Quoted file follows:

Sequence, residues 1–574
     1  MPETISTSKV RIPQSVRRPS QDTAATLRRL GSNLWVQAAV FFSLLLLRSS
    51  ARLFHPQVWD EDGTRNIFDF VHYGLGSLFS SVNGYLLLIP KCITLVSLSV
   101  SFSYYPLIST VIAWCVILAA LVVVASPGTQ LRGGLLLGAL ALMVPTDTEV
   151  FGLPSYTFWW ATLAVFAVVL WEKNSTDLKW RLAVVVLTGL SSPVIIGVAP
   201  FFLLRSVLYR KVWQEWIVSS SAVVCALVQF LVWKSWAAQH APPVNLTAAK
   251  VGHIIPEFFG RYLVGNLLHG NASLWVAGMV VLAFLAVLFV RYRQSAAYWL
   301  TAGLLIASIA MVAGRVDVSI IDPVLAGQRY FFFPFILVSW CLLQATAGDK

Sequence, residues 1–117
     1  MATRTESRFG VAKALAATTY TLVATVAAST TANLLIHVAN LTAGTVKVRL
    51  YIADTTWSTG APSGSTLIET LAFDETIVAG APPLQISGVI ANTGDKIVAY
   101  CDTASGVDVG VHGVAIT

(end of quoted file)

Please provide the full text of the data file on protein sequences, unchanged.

Sequence, residues 1–574
     1  MPETISTSKV RIPQSVRRPS QDTAATLRRL GSNLWVQAAV FFSLLLLRSS
    51  ARLFHPQVWD EDGTRNIFDF VHYGLGSLFS SVNGYLLLIP KCITLVSLSV
   101  SFSYYPLIST VIAWCVILAA LVVVASPGTQ LRGGLLLGAL ALMVPTDTEV
   151  FGLPSYTFWW ATLAVFAVVL WEKNSTDLKW RLAVVVLTGL SSPVIIGVAP
   201  FFLLRSVLYR KVWQEWIVSS SAVVCALVQF LVWKSWAAQH APPVNLTAAK
   251  VGHIIPEFFG RYLVGNLLHG NASLWVAGMV VLAFLAVLFV RYRQSAAYWL
   301  TAGLLIASIA MVAGRVDVSI IDPVLAGQRY FFFPFILVSW CLLQATAGDK

Sequence, residues 1–117
     1  MATRTESRFG VAKALAATTY TLVATVAAST TANLLIHVAN LTAGTVKVRL
    51  YIADTTWSTG APSGSTLIET LAFDETIVAG APPLQISGVI ANTGDKIVAY
   101  CDTASGVDVG VHGVAIT